feline luekemia picture

Feline leukemia can be spread by kitty kisses and other casual contact. Photo: SuziJane/Flickr

Feline leukemia virus (FeLV) and feline immunodeficiency virus (FIV) are phrases that every cat owner dreads -- and for good reason. The diseases are deadly, and treatments for either of them are limited. That may soon change.

Missouri-based company ProLabs has recently launched a drug to fight these devastating infections. It's the first treatment for the diseases to have been granted a conditional license by the USDA.

Veterinarian and consultant for the Cornell Feline Health Center Christine Bellezza told Paw Nation that FeLV and FIV are related but distinct diseases. "They both affect the immune system, but in slightly different ways."

Both infections suppress a cat's immune response and impair the ability to fight off diseases. As a result, infected cats often pick up a parade of viruses, bacteria, and parasites. Blood disorders, such as life-threatening anemia, are common in cats with FeLV or FIV, and the viruses can also cause various types of cancer. In fact, feline leukemia is the most common cause of cancer in cats.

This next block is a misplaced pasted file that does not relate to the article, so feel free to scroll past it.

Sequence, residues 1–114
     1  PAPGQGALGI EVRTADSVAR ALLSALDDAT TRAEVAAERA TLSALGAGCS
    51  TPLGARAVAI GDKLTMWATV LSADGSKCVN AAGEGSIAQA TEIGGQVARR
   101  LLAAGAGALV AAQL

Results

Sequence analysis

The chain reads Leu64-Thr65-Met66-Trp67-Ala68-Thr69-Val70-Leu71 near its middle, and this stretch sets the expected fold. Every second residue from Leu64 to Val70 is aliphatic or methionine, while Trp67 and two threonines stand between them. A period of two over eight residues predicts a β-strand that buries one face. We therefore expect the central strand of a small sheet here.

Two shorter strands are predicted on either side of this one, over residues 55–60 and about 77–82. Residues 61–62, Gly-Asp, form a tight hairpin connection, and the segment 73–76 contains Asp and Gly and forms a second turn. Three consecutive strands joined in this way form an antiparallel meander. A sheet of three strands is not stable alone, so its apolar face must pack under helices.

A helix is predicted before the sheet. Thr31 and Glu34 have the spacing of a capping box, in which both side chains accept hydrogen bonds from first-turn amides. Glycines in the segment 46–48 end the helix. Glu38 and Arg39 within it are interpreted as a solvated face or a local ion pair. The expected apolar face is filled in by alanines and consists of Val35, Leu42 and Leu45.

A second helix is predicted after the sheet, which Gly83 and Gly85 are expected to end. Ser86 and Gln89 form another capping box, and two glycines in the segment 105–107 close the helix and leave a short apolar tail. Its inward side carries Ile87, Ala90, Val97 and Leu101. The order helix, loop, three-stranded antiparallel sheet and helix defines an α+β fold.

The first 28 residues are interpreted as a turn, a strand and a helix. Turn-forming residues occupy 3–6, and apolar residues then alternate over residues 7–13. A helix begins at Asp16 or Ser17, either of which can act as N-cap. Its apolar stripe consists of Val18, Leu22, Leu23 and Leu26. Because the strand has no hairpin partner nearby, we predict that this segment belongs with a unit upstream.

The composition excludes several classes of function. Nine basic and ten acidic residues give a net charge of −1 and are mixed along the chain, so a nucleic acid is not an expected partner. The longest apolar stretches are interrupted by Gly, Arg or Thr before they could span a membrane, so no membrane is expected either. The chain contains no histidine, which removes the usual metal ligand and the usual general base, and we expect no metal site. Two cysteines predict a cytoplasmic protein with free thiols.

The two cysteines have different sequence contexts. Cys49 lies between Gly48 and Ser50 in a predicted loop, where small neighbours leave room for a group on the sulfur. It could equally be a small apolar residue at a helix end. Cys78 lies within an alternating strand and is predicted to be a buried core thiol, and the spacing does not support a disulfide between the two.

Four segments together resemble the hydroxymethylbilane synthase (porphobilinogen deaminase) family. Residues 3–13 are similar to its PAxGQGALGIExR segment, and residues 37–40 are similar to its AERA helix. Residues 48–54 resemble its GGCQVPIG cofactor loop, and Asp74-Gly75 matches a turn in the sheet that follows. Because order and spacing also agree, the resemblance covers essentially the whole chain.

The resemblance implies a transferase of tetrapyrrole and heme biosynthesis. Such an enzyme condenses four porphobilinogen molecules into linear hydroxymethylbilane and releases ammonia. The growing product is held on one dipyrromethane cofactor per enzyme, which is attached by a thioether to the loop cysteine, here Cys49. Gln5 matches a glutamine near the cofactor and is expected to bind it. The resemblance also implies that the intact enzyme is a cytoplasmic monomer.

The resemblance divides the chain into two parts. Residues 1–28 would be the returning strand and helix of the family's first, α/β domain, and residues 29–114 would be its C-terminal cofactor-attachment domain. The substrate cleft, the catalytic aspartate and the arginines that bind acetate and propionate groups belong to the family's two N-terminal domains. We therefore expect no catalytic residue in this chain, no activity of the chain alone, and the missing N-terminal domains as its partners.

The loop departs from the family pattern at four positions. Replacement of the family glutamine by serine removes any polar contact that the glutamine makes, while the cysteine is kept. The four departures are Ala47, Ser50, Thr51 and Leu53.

FIV is spread from cat to cat mostly through bite wounds and intercourse (another reason to spay and neuter!). FeLV passes from cat to cat much more casually -- infected kitties can pass the virus to their playmates through grooming and by sharing a litter box or food dish. Kittens are especially susceptible to contracting the virus.

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